The interior dry pine forests are a excellent example of the gene pool needed in the coming turbulence of climate disruption. These trees already have the ability to grow in wet warm places on the windward side of the mountains while at the same time thriving in the dry valley bottoms in the Fraser Canyon and on the highest tree line patches on the western edge of the Chilcotin Cariboo.

Such resilience is what needs to be respected, what needs to be set aside. The Mountain Pine Beetle is selecting out a huge percentage of the pine in the region of its interior habitat. When this process is done, the trees that are left will have the resilience to the beetle combined with the already acquired traits of survivability over a broad range of forest habitat.

This is the kind of gene pool that will survive; one that is strong, hardy, able to withstand the coming shocks. Now more than ever, as climate change marches across the globe, it is necessary to leave large areas of temperate interior dry forest intact. It is these areas that will provide the genetic reservoirs for the next generation of forest communities that will inhabit the region.

These trees that we take for granted may not be hundreds of feet tall, they may not be good pin-up material, but our interior dry forests are far tougher, more adaptable and vigorous than their warm climate cousins who will not survive a major shift in their habitat. We must make sure that we set aside areas where the the pine forests of the Chilcotin Cariboo can recover from this beetle and survive in enough numbers to blaze the evolutionary path in the coming decades.

- Dave Neads

Friday, October 13, 2006

The Bull Trout at Risk in BC

James Murray, in the Salmon Arm Observer, begins a new series on "mismanaging natural resources".
As I stood on the banks of the Adams River last week, watching, or perhaps it would be more accurate to say looking for, the sockeye salmon that were supposed to be returning to spawn (who knows for sure what is happening with the sockeye runs), I found myself pondering the plight of yet another fish species.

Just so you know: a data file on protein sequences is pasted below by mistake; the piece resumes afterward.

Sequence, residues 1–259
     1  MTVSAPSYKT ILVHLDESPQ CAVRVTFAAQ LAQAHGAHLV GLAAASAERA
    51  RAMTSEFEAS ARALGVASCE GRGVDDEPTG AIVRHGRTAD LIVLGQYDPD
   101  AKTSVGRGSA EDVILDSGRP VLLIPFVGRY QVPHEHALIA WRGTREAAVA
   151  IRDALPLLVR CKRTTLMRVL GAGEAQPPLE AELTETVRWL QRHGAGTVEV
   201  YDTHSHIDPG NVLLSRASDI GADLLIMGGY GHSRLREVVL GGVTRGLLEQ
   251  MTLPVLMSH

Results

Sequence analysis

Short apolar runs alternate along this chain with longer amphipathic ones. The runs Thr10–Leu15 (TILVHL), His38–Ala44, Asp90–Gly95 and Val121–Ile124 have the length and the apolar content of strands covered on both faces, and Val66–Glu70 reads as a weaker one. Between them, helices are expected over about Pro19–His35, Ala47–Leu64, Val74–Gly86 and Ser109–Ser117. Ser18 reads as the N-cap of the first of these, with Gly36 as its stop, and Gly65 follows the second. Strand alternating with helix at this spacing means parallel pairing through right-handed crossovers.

Read on

British Columbia Species at Risk

Wednesday, October 04, 2006

Owner of Country Inn Motel describes the fire experience

Ted Hlokoff sent me this account. It is followed by a link to the article he and his wife Deana wrote for the Williams Lake Tribune.
I am a car collector and had many tools and car parts were lost in the fire. I have much more car stuff that was saved from the fire. Once it was obvious to me that the Motel fire was out of control I screamed for everyone to run away. Then I went to the Motel garage, threw a few parts into my 92 Stealth R/T Twin Turbo, and drove it out to the street. During the fire I realized that I had forgotten to get the keys to my Shelby Daytona, which was parked in front of the Motel. Interesting what heat can do.

The fire burned to the edge of the Nimpo Store's 10,000gl fuel tank, but it was undamaged. The 1,000gl Dell Propane Tank behind the Motel vented a few times, but it ended up undamaged as well. We are thankful that the safety features worked the way they were supposed to preventing a disaster. The Motel was surrounded by trees, which burned, but because there was no wind the fire contained itself, thank God.
- Fire collapses Country Inn Motel - Ted and Deana Hlokoff's article in the Williams Lake Tribune.